Insulated Concrete Forms

General Description

Extreme Structures LLC specializes in foundations using insulated concrete forms (ICFs). Basically ICFs are forms for poured concrete walls that stay in place as a permanent part of the wall and create a warm, solid foundation to build your SIP structure. The forms are made of foam insulation with pre-formed interlocking design that allow them to fit together much like children's blocks. The left-in-place forms not only provide a continuous insulation and sound barrier, but also a backing for drywall on the inside, and stucco, lap siding, or brick on the outside. Block systems have the smallest individual units, 1'4" x 4'. A typical ICF block is 10" in overall width, with a 6" cavity for the concrete.


Energy Efficiency

ICF walls do more than cut down on the biggest types of energy loss. The concrete gives them the heat-absorbing property, "thermal mass". This is the ability to smooth out large swings in temperature. It keeps the walls of the house warmer when the outdoor temperature hits its coldest extreme, and keeps the house cooler when the outdoor temperature is hottest. The walls themselves give back heat in winter and contribute to cooling in summer. These contributions give about 6% of the needed energy to the house for free. Attainable r-values from R-30 up to R-50 will help keep your house warm in the winter, cool in the summer. ICFs also have shown to be extremely resistant to destructive forces such as, tornados, earthquakes, fire, and hurricanes.

Fire-Resistant Capabilities

Fire ratings have been confirmed in so-called "fire-wall" tests. In these tests ICF walls were subjected to continuous gas flames and temperatures of up to 2000°F for as long as 4 hours. None of the ICF walls ever failed structurally. In contrast, wood frame walls typically collapse in an hour or less. Concrete walls have also proven more resistant to allowing fire to pass from one side of the wall to the other. This is especially of interest in areas with brush fires that could spread indoors. The fire wall test confirms this rule for ICFs once again. Part of the test measured how well the wall slows the passage of heat and fire from the side with the flame to the other side. The ICF walls tested did not allow flames to pass directly through. They also did not allow enough heat through to start a fire on the cool side for 2-4 hours. In contrast, wood frame walls typically allow both flame and fire-starting heat through in an hour or less.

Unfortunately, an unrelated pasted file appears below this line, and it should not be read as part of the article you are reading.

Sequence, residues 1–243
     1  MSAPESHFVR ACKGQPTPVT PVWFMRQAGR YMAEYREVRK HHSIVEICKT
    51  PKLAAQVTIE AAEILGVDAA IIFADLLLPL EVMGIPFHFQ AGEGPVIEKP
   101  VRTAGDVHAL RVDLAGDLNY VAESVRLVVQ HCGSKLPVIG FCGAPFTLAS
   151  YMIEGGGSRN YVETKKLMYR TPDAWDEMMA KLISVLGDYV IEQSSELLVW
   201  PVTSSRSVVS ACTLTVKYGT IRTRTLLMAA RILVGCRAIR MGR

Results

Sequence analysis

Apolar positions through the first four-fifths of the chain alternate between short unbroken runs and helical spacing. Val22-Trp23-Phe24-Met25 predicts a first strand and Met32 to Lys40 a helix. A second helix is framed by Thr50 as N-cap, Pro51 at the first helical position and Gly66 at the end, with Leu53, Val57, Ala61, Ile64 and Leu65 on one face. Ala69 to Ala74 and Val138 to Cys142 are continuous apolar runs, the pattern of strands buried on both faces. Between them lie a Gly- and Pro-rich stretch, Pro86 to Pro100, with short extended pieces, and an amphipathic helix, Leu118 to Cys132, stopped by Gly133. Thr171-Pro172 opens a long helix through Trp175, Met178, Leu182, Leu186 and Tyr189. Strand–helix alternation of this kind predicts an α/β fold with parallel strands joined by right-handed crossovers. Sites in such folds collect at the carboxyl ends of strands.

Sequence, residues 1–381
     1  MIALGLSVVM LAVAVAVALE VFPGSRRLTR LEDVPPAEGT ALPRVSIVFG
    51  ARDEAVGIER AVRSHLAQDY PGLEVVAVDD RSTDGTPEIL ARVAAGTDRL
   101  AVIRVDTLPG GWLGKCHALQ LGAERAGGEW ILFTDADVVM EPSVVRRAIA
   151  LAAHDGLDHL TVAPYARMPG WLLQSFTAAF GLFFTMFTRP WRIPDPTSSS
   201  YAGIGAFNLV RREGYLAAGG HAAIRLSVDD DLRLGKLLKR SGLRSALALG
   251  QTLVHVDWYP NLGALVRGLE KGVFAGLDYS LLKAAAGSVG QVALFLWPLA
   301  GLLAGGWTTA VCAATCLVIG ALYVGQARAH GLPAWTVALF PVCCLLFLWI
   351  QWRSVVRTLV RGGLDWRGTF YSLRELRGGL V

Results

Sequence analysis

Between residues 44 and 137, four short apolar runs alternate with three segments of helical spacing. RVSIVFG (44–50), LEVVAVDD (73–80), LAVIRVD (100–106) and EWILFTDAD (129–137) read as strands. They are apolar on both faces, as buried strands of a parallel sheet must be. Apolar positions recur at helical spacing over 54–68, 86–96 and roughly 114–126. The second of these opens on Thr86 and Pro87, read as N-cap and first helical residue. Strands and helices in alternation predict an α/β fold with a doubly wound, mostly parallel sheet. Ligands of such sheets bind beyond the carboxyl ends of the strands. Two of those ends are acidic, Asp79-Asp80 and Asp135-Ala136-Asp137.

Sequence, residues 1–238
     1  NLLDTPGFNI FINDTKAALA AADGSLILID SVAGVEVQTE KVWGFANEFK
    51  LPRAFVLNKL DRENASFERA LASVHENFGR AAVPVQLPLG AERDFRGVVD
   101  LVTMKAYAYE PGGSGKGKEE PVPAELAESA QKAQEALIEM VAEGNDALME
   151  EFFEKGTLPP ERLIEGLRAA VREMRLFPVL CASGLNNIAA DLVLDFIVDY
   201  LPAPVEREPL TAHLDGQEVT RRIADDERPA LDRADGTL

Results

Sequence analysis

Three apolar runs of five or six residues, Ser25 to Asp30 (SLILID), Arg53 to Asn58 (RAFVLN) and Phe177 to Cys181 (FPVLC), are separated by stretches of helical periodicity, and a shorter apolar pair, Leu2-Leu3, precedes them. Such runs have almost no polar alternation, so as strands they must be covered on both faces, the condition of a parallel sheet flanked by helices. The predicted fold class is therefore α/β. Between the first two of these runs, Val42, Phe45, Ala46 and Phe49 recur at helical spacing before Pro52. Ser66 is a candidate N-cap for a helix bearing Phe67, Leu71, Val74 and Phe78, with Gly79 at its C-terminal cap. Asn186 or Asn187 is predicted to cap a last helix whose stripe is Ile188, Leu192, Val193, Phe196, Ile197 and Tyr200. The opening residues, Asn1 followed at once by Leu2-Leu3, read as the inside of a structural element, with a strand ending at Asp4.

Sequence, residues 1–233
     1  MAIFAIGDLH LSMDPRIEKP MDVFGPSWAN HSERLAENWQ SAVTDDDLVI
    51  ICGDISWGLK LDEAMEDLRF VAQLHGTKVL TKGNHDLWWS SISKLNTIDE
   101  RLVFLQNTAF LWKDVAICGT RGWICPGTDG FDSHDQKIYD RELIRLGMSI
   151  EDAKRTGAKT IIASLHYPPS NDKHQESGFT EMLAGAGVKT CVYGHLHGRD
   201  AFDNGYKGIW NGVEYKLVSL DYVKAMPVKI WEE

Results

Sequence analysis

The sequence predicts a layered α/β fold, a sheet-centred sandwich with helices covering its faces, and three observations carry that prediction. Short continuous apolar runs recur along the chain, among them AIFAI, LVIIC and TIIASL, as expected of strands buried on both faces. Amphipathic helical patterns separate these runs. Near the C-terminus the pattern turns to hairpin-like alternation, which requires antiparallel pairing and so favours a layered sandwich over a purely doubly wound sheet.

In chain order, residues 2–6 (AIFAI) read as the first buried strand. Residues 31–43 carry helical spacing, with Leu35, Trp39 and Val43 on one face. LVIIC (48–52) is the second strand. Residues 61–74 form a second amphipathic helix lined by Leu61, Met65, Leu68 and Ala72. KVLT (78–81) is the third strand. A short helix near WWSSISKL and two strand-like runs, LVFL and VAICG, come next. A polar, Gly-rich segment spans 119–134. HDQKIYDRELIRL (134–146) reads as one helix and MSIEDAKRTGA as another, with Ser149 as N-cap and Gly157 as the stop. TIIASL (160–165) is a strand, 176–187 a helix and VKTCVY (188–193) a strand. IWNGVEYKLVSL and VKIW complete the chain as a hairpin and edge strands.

The foam in ICFs are manufactured with flame-retardant additives. These prevent the foam from burning by themselves. If you hold a match to the material, it will melt away. Of course, in a house fire, the foam may be subjected to a constant flame from other materials burning nearby (wooden floors, fabrics, etc.). The "Steiner Tunnel Test" measures how much a material carries fire from an outside source. In the test, technicians line a tunnel with the material, light a fire at one end, then measure how far the flame spreads. The flames travel about one-fifth as far down a tunnel lined with ICF foam than a tunnel lined with wood.

Since you will have, strong, super insulated, airtight house, why not put it on a strong, super insulated foundation?

For more information on Build Block ICFs, visit:

What Our Customers Have To Say

Our Insulspan SIP home was delivered mid June of 2006. Within 2 days our 1560 sq ft home was set up on our concrete pad and was covered in house and roof wrap. I cannot say enough about the excellent workmanship provided by Jon Morehouse and his crew. The cost of heating our SIP home located in West-central Illinois near Moline, IL was $150 for the entire winter of 2006-2007, $180 for the winter of 2007-2008 and from 10-10-08 to 2-1-09, the cost was $112 with the average temperature during November, December and January averaging 8-10 degrees below normal. We are very happy with our Insulspan SIP home and would make very few, if any change if we were to build again.

-Donald and Bonnie

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